While many students are following their passions through their studies at Texas A&M University, few have traveled as far as Muhammad Bilal Haider to do so.

Muhammad Bilal Haider, a graduate student in the Texas A&M Department of Food Science and Technology, stands wearing a red jacket and jeans on a brick path in front of a building.
Muhammad Bilal Haider is an international graduate student from Pakistan pursuing his doctoral degree in the Texas A&M Department of Food Science and Technology. (Courtesy photo)

Growing up in Punjab, Pakistan, Haider harbored dreams of becoming a software engineer through most of his school days. It wasn’t until college approached that Haider stumbled upon food science — and immediately became enthralled.

“Despite being accepted into a college for software engineering, the allure of unraveling the mysteries of food — the intricate relationships among carbohydrates, fats, proteins and their complex coexistence — became irresistible,” Haider said. “The more I delved into the world of food science, the more I fell in love with the subject.”

Choosing to follow his passion over the more familiar territory of software engineering, where one of his three brothers had already staked a claim, Haider embraced the fascinating journey of exploring the science of the foods we consume.

Here, Haider details his path into a degree from the Department of Food Science and Technology in the Texas A&M College of Agriculture and Life Sciences and offers advice to prospective students.

What influenced your choice to study food science at Texas A&M?

The primary influence on my journey has been the strong support and guidance from my family, particularly my older brothers. Their unwavering encouragement and belief in the power of education have been instrumental in shaping my academic pursuits.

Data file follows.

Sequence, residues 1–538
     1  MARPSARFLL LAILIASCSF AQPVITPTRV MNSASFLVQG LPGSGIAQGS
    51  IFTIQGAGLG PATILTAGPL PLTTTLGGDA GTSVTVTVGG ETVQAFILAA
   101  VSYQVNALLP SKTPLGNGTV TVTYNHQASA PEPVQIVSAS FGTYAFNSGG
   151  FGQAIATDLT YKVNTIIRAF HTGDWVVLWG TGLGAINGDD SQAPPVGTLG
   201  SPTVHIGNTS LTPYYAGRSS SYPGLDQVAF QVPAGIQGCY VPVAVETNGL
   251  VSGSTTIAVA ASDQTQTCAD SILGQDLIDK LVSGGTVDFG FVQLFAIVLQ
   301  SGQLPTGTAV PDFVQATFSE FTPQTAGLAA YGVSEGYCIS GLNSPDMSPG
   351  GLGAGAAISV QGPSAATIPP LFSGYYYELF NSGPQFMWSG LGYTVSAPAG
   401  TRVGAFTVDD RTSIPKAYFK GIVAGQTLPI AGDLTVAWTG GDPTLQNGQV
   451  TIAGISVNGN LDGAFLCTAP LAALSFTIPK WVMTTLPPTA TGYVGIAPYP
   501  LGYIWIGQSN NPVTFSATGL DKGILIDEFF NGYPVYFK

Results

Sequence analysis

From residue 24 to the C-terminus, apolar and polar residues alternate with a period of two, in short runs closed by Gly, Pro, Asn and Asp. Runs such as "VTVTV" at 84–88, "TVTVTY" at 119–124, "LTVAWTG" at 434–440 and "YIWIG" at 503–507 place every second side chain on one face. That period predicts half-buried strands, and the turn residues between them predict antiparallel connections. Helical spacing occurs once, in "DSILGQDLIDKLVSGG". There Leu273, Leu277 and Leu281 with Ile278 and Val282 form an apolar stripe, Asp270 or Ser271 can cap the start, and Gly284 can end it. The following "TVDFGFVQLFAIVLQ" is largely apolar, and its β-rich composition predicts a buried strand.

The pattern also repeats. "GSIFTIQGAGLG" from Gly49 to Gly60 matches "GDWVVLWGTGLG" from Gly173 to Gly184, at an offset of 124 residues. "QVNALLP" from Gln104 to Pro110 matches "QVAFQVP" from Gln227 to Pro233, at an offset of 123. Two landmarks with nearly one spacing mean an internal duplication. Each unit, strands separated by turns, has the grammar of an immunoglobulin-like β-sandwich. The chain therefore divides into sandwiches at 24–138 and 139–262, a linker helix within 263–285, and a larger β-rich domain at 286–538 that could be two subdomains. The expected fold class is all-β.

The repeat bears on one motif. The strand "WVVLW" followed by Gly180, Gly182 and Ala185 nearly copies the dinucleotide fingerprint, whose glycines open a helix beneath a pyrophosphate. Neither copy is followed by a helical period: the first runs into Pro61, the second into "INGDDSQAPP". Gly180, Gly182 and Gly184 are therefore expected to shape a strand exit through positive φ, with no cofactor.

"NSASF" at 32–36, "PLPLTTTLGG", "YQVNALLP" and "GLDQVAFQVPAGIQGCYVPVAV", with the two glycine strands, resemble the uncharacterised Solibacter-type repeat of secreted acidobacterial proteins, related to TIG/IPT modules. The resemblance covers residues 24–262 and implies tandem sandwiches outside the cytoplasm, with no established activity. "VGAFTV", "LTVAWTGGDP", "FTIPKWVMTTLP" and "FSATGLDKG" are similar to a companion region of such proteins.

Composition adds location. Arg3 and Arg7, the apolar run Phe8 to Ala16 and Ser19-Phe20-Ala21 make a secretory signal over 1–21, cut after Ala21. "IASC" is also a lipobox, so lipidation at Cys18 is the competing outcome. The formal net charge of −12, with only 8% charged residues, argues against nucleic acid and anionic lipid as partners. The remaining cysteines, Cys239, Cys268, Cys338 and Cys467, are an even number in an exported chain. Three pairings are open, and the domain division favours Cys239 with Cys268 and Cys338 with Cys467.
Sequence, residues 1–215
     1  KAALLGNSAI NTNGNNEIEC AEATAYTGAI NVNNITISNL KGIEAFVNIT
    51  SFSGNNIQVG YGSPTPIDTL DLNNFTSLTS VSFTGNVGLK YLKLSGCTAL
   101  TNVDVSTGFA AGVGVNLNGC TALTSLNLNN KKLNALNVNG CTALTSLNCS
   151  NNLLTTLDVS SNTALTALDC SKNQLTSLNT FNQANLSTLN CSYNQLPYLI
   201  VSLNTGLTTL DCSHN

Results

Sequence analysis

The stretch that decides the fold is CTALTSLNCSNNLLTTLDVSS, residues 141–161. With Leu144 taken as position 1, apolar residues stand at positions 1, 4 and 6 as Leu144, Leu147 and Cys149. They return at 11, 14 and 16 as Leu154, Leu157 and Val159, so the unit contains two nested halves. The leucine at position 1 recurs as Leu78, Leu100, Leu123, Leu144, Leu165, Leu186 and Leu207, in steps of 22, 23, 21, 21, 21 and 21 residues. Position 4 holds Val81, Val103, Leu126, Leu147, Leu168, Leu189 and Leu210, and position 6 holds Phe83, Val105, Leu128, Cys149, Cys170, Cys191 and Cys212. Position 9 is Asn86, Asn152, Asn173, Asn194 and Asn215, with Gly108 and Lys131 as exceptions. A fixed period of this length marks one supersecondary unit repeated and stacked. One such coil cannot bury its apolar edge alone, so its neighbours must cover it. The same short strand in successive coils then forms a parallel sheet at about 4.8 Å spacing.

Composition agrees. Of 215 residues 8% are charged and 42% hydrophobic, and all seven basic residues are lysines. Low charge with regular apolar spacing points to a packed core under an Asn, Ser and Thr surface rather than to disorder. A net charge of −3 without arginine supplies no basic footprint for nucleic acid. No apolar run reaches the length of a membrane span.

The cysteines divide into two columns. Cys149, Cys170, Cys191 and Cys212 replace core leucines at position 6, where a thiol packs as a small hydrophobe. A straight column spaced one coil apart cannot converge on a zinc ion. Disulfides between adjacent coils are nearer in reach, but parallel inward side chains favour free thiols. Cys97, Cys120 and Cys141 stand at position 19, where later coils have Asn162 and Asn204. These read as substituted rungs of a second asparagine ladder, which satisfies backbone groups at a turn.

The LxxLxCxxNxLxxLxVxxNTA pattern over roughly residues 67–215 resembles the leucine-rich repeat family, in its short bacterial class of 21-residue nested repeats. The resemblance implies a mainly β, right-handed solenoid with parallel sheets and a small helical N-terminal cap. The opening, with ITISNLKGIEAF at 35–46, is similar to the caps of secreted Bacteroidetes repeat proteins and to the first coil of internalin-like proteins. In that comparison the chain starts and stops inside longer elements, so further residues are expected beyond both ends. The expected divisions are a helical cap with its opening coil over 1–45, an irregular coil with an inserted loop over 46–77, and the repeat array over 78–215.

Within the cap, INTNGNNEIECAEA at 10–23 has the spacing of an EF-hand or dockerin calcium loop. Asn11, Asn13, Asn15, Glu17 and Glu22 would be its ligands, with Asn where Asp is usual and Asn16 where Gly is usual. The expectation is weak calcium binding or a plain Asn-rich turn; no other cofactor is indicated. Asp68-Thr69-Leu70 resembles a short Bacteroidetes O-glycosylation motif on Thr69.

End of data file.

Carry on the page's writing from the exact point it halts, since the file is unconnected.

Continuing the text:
I completed my undergraduate studies in food science from the University of Agriculture Faisalabad in Pakistan in 2021. Following that, I pursued my master’s degree from Bahauddin Zakariya University, Multan, graduating in 2022. I then undertook an extensive search for a suitable Ph.D. program, driven by a passion for advanced research and education.

In the spring semester of 2023, I was honored to be admitted into the Ph.D. program in the Texas A&M Department of Food Science and Technology. This milestone marked the continuation of my academic journey, and it also served as a testament to the dedication and hard work I’d invested to achieve it.

What has your experience as a graduate teaching assistant been?

As a graduate teaching assistant for the online course Religious and Ethnic Foods, I’ve had the privilege of delving into the diverse world of food cultures, regulations and traditions. This course, instructed by Dr. Mian Riaz, is a fascinating exploration of religious and ethnic foods, with a focus on product development, production and nutritional practices. It addresses the diverse food rules, priorities and traditions across various cultures worldwide.

Teaching this course has been a unique and enriching experience. With an average enrollment of 1,200 students each semester, it stands as one of the most popular and largest courses in the College. The students, coming from various majors, show a keen interest in understanding foods from different cultures.

Teaching and interacting with students in this diverse and expansive setting have not only enhanced my teaching skills but also allowed me to learn about different cultures, their foods and the intricate regulations and laws governing them. It’s been a truly enjoyable and enlightening experience.

Could you share insights into your current research project?

I am working in the Cereal Quality Lab under Dr. Riaz and Dr. Joseph Awika, head of the department. My research focuses on the concept of upcycling waste whey as a novel food ingredient in meat alternatives.

Three rows of different types of grains are in jars.